(This is really a comment on Kevin's post from March 10, placed in the main thread in order to draw attention back to the question.)
The question of the relationship between experimentation and theory is a sub-set of the larger question: what is the relationship between action and thought? The answer is: thought drives action, and it is subsequently informed by action. This is the core lesson of the feedback loop. To act effectively, we must guide our actions with knowledge acquired from our observations of the world, and to enhance and expand our knowledge of the world, we must engage it in action. We must explore and discover. The relationship between action and thought is not unilateral, in which one element dominates the other, because we are integrated beings, possessing both a body and mind. We need both to survive and to thrive. To paraphrase Ayn Rand: A body without a mind is a zombie, and a mind without a body is a ghost. Both are archetypes of the undead.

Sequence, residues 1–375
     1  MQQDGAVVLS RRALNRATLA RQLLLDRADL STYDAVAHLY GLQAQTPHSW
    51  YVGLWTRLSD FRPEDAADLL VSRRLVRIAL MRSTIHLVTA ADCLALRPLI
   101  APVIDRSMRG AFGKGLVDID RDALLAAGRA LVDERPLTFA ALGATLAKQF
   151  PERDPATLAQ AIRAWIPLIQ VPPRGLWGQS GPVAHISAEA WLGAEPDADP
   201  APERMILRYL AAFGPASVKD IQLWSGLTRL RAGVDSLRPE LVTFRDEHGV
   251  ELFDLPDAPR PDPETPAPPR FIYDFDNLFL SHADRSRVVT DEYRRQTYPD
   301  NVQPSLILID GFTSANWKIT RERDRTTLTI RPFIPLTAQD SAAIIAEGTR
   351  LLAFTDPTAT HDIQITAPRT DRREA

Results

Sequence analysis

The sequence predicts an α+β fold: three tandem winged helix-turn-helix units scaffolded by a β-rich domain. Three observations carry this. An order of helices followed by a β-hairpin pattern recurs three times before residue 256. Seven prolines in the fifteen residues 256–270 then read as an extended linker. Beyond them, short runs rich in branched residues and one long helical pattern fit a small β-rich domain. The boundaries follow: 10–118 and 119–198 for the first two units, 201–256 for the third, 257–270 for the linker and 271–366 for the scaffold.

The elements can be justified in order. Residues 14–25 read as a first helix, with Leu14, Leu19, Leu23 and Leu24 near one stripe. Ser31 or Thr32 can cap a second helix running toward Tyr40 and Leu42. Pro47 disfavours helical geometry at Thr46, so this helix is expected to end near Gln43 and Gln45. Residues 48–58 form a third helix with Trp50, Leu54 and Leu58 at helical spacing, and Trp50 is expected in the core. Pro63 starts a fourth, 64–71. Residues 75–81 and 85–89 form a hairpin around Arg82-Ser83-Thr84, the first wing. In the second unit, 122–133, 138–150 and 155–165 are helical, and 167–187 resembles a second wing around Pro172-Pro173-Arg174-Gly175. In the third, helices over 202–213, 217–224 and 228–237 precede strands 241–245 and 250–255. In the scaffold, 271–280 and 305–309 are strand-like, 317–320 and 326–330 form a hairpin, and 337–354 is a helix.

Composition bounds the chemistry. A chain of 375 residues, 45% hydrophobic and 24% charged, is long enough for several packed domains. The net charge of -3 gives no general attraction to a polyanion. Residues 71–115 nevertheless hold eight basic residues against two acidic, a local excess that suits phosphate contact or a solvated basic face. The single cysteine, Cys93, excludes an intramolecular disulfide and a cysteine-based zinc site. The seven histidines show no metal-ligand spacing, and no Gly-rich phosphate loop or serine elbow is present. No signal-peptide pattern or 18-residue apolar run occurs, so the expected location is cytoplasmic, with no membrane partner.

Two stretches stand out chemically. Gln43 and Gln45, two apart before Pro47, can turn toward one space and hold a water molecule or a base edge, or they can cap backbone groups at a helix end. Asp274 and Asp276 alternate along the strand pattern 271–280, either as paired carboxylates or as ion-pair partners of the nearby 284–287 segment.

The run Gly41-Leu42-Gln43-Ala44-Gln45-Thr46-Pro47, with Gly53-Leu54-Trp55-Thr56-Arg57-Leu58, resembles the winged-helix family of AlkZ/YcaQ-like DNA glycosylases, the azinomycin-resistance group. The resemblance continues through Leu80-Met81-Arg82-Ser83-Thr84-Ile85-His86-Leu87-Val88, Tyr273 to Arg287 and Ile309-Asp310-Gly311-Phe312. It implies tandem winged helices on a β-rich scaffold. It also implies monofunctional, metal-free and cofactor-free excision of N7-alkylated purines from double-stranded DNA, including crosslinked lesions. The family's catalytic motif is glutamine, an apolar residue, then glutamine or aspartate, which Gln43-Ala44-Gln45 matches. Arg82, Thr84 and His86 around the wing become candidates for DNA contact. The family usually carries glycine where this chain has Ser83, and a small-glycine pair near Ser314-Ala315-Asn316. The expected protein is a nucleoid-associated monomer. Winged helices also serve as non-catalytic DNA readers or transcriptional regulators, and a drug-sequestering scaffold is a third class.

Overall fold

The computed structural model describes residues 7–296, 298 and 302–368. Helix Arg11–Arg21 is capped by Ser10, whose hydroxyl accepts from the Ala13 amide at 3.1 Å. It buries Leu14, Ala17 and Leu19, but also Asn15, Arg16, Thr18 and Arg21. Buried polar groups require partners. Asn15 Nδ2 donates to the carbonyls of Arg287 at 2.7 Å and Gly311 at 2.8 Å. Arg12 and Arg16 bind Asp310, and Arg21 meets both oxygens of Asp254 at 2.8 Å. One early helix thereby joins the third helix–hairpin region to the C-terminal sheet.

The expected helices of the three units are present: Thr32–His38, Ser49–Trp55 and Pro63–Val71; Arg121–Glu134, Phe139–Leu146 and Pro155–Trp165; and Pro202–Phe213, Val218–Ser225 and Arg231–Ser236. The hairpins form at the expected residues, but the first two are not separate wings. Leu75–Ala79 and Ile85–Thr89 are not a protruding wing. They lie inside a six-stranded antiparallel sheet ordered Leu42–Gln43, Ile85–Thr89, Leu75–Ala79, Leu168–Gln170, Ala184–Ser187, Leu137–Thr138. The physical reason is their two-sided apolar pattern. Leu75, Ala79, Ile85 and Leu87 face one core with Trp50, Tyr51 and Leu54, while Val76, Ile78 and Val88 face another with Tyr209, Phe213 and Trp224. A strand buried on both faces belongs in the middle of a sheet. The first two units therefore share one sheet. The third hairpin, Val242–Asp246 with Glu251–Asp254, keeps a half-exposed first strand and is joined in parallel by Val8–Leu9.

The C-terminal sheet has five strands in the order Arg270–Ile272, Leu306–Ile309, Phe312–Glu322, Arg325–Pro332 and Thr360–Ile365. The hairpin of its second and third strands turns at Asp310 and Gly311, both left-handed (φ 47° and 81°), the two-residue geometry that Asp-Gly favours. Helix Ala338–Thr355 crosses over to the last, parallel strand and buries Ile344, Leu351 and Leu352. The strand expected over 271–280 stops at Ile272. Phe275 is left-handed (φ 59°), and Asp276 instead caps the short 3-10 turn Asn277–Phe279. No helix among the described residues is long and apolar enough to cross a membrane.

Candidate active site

Experimenting is an action. It is a way of doing the work of design. Its antithesis is perpetuating, which is the mainstream’s dominant way of working. That is a different action. So the question really is: what ideas (i.e., what theories) are coupled with these actions? What are the ideas that complete the necessary coupling of action and thought in the work of architects? Perpetuating … what? Experimenting … for what? Experimenting is pointless as an end-in-itself. It must be directed, guided by a curiosity about something. It is always guided by an idea (explicit or implicit) about what is important to explore and discover about the world. In other words, every act of experimentation implies a value-judgment – a choice to explore this as opposed to that, which implies that the selected subject of experiment is more important than alternative subjects not pursued. Every act of experimentation expresses a view of the world – a view of what is important about the world or life in it.
Perpetuating is the same. What does one choose to perpetuate? Every act of perpetuation involves a choice, and thus, it too expresses a view of what is important.
So what have you been experimenting with in your projects this semester? What aspects of the world have been drawn out and accentuated? What conventions have you accepted and perpetuated in your work this semester? Answering these questions will lead you toward an understanding of the view of the world embodied in your work. It is a good way to begin to see what your work means.
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